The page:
Because (originally posted on 12/20/2009)

{This was the first blog post I ever wrote.  It now appears under the “Because” heading on Embrace the Detour, as my reason for undertaking the whole novel-in-100-days craziness.  This time around, I feel less fear about baby’s arrival, but there is still that sense of uneasiness that life is about to change in ways I don’t expect and can’t control.  How will having a second child affect my ability to write Book #3 (and books 4 and 5 and 6 and 7 for that matter)?  How will having a second child affect ME?  As I ask these questions, I can’t help but remember those sweet early days of Lil Mil’s life, when she and I would snuggle up on the couch with my laptop and work on Parallel together.  And as I picture that, the rest of it — the uncertainty, the anxiety — slips away.  Motherhood isn’t easy, but no matter what people say, you’re not alone in it.  You’ve got a precious little life in your arms and by your side.  For me, that makes the road — as rocky as it may turn out to be — more than bearable.  Blessed.}

* * * Check back for more re-posts of my Embrace the Detour musings in the coming months, as I embark on Life With a Newborn once again.

no return

There’s no turning back now. This train is driving itself, careening towards its one and only stop:


I’ll be honest. When I found out I was pregnant, joy was not the first emotion I experienced. It came soon after, in a flood, and has for the most part lingered, swelling and pooling and swirling inside me, working its serotonin-inducing magic. But in that first moment, as I sat fully clothed on the toilet, staring at that double blue line, there was no room for joy. Every ounce of my being was too saturated, too soaked through, with a more potent emotional cocktail: equal parts fear, panic and dread.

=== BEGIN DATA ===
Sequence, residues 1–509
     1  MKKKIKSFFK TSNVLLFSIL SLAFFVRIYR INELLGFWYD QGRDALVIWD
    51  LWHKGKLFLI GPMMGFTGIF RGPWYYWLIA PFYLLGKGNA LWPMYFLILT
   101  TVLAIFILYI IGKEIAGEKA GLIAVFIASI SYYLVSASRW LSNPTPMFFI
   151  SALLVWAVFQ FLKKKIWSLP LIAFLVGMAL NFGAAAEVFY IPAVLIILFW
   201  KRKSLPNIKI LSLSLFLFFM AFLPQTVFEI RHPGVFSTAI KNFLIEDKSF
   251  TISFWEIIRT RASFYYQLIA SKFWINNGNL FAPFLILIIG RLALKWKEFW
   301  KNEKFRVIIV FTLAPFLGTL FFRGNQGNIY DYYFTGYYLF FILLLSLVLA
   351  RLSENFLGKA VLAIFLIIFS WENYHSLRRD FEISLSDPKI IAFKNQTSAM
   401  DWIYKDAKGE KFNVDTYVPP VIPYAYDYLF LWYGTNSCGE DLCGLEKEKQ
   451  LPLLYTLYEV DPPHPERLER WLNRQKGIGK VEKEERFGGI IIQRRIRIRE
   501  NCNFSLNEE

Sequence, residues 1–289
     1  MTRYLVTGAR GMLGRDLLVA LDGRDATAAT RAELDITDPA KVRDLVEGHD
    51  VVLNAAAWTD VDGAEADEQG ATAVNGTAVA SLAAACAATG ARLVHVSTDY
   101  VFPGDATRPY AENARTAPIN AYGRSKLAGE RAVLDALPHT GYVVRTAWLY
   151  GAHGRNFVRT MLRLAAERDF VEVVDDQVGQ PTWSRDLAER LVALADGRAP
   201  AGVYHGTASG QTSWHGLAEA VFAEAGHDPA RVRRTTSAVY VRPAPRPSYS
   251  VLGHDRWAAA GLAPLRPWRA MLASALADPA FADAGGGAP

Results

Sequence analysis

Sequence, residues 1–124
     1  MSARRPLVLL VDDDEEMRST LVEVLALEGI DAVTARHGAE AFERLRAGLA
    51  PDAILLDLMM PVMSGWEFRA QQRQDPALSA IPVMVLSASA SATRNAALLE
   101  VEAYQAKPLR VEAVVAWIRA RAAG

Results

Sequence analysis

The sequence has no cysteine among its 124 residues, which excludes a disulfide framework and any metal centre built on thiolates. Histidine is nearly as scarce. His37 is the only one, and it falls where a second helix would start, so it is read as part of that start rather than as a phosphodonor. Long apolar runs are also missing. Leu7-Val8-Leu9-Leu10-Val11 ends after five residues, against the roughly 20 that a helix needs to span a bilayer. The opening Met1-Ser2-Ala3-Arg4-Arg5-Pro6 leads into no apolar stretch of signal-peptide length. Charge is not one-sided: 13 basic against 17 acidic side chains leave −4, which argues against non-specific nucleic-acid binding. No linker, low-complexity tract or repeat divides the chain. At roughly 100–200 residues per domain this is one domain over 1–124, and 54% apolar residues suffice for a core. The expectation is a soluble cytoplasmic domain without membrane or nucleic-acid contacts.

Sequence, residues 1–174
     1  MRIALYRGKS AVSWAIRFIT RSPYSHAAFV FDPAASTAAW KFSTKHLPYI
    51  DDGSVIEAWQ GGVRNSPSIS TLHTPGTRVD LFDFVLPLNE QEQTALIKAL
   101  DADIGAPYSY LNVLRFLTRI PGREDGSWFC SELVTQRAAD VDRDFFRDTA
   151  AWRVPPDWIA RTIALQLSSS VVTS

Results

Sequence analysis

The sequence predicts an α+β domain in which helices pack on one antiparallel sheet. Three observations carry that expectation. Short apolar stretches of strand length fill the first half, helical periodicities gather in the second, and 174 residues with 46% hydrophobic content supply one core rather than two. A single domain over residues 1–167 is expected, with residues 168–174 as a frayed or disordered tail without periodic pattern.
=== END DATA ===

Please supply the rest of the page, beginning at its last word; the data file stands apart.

It wasn’t that I didn’t want a baby. I did. I just figured I would have time to get used to the idea – in the abstract, theoretical sense – before my uterus began to house one. I believed this because up until the exact moment I found out I was pregnant, I had all but convinced myself that I was infertile. The fact that I had no basis for this conviction did nothing to dampen my certainty of its truth. I was a Woman with Fertility Issues. I had accepted my lot. Thus, an unexpected pregnancy wasn’t something I worried about. At least, not with the dedication and intensity with which I fixate on things I deem worthy to worry about. I told myself it wasn’t fair (in the larger, big picture sense) to fear both pregnancy and infertility simultaneously. So I opted to fret about my assumed inability to get pregnant, since I was certain – certain! – that it was the more likely of the two calamities. And yes, make no mistake: a year ago, I would have categorized both pregnancy and infertility as Calamities To Be Avoided.

Turns out my anxiety was misdirected.

So here I am, 37 weeks later, with a baby “as lofty as a stalk of swiss chard” growing in my belly (seriously, who comes up with this stuff?). His or her arrival is imminent. My husband and I are now proud owners of a crib, a stroller, a car seat, and more baby gear than we know what to do with. We’re equipped. Excited. Ready. And, yet … our lives have been oddly unaffected by the bun in my oven. Sure, my body is doing its part to accommodate this little person inside me. But my life still feels like my own.

I have been advised to prepare for a hostile takeover.

At this moment, feet firmly planted on childless ground, I have no idea what my life will look like a month from now. I’ve had a glimpse, certainly. The majority of my closest friends are either current or former residents of Life With a Newborn. I’ve heard the horror stories – sleepless nights, persistent brain fog, days that pass without a single “me” moment. Not exactly fodder for creativity and productivity. But that’s how it’s supposed to be, right? The months after giving birth to a child aren’t meant to be spent creatively or productively – unless, of course, we’re talking about creative and productiveparenting. And even that would likely be deemed too ambitious an undertaking for a new mom. Don’t attempt anything that will further deplete your already compromised energy stores. Just focus on getting through the first three months with your sanity intact. Only then, after you’ve emerged from your sleep-deprived, spit-up laden haze should you attempt to reclaim your life.

This may be sage advice.

I reject it.

And with that whole-hearted, emphatic and indisputably naïve pronouncement, I begin my quest to Embrace the Detour.

Clever title. But what does it mean?